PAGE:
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[1/4]A statue of Pope John Paul II is seen in front of a church, Warsaw, Poland, March 8, 2023. REUTERS/Kacper Pempel

WARSAW (Reuters), March 9, 2009 – The Polish parliament adopted a resolution Thursday to defend the name of John Paul II. A new book claims that the late pope knowingly covered clerical paedophilia allegations when he was archbishop in Krakow.

The allegations against John Paul, the first Polish pope were made in a documentary by TVN24 on Monday. They have sparked fierce debate in one Europe’s most Catholic countries.

Many people believe the allegations should lead us to a reassessment John Paul’s legacy. However, many religious conservatives condemn what is seen as a left-wing plot against a figure who is at core of the nation’s identity.

The uproar was joined by politicians from the ruling Law and Justice party (PiS), who proposed a resolution to defend his name. This resolution was passed by the Sejm, the lower chamber of parliament, on Thursday, largely by votes of PiS lawmakers.

“The Sejm strongly condemns this shameful media campaign, based largely upon materials of the Communist apparatus to violence whose object is Saint John Paul II, The Great Pope,” reads the resolution.

“We will not permit the image of a man the whole free world recognizes and honors as a pillar for victory over the Evil Empire be destroyed,” it said, using a term that Ronald Reagan used to describe the Soviet Union.

John Paul, who was declared a saint in Poland by Pope Francis in 2014 is also considered a leader in Poland that contributed to the fall communism in 1989.

The head of the Polish Bishop’s Conference Archbishop Stanislaw Gadecki called on “all peoples of good will not destroy the common good and the legacy John Paul II undoubtedly belongs here”.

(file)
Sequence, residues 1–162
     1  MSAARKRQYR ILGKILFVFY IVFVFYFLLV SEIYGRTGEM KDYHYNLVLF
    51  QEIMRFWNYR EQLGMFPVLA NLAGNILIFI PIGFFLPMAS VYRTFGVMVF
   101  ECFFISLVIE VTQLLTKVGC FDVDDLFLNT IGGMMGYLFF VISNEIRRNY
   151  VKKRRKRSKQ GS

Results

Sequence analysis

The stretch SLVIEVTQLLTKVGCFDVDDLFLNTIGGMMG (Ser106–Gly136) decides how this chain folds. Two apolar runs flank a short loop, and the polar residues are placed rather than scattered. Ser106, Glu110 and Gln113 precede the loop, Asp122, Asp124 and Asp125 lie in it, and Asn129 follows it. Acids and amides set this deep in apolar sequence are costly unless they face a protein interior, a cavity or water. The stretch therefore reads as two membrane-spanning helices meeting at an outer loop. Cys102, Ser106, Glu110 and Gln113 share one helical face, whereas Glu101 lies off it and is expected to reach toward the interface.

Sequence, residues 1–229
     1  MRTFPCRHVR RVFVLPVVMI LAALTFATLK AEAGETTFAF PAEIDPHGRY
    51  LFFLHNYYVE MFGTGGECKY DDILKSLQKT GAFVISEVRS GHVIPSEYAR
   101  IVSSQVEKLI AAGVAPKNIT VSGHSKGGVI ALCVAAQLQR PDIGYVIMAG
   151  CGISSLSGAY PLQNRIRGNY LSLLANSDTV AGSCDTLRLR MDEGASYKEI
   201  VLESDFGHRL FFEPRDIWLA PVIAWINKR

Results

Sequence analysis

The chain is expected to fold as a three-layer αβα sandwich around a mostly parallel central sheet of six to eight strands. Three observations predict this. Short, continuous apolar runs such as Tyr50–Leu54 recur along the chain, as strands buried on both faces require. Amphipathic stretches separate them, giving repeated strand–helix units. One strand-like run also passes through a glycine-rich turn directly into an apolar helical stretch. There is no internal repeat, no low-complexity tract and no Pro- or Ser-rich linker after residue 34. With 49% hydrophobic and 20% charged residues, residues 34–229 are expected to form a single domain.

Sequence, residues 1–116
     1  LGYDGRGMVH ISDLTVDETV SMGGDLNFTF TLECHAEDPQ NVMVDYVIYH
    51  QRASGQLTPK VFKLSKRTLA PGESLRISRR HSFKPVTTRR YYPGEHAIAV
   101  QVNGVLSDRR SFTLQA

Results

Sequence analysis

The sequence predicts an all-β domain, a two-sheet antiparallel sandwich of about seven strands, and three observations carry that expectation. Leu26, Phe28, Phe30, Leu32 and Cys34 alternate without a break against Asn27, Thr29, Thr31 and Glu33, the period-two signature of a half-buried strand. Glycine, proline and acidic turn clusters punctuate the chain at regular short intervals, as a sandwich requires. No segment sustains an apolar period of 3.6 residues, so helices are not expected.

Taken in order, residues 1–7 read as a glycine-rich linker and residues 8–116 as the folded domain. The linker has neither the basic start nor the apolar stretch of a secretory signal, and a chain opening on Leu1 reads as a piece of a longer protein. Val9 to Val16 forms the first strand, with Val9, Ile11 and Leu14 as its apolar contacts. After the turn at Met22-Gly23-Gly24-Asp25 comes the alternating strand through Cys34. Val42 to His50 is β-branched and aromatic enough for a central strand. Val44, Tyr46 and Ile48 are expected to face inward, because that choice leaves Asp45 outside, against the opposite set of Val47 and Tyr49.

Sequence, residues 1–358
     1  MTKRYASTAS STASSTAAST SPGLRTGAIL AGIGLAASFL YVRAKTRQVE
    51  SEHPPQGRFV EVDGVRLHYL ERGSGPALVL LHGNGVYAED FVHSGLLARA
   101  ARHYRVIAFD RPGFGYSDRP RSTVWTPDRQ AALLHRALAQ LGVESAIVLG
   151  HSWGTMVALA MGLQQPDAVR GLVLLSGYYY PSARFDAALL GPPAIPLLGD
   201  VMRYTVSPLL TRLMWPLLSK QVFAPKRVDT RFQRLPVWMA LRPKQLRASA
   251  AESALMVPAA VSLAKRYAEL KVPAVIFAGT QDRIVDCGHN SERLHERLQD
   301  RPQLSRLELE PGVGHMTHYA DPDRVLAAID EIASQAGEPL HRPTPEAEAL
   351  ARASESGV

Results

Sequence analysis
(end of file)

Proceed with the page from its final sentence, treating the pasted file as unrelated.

Gadecki said in a statement that Thursday that “Poles should recall about the blessings Providence gave us through the Pope.”

The Vatican did not immediately respond to a request for comment on the allegations in the book “Maxima Culpa”, published this week in Polish.


Ekke Overbeek, the author of the book, reminisces about the time that Karol Wojtyla, the future pope, was archbishop in Krakow from 1964-1978. It draws upon the archives of Poland’s communist secret cop and interviews with victims and witnesses to sex abuse.

According to the book, John Paul knew about child abuse in his archdiocese and helped to cover it up by transferring priests from one parish to the next. At least two of these priests were eventually convicted and sentenced to jail for their abuse of minors.

Overbeek said that he found very concrete cases of sex abuse by minors by Roman Catholic priests within the archdiocese Krakow at a time when… John Paul II was in charge.

“He was aware from the beginning of the problem, and that sheds a completely new light on his pontificate.”

The reliability of information obtained from communist secret police documents is being questioned by those who defend the pope.

The Church was a voice for freedom in Poland during the 1980s. Pope John Paul gained iconic status for inspiring people against communist rule. The parish priests provided shelter for anti-government activists, and distributed food and underground newspapers.

According to a Pew Research Centre study however, Poland is the fastest-secularizing country in the world. A growing number of people are leaving the Church partly because of mounting evidence of priest child abuse.

Recent scandals involving clergy sex abuse and allegations of cover-ups have rocked Church in Poland and other countries. John Paul’s successors Pope Benedict, Pope Francis, and others have been accused by critics of being too slow in addressing the issue.

The allegations against John Paul in Poland have prompted politicians from the opposition Left party calling for his name to be removed from public spaces, including many kindergartens and schools named after him.

“It’s time to end the taboo surrounding this topic. Agata DiduszkoZyglewska, a leftist Warsaw councillor, stated that John Paul II must be removed from public space.

Reporting by Agnieszka Pikulicka-Wilczewska, Anna Wlodarczak-Semczuk and Marek Strzelecki in Warsaw; Additional reporting by Philip Pullella in Rome; Editing by Frances Kerry, William Maclean

Our Standards: The Thomson Reuters Trust Principles.

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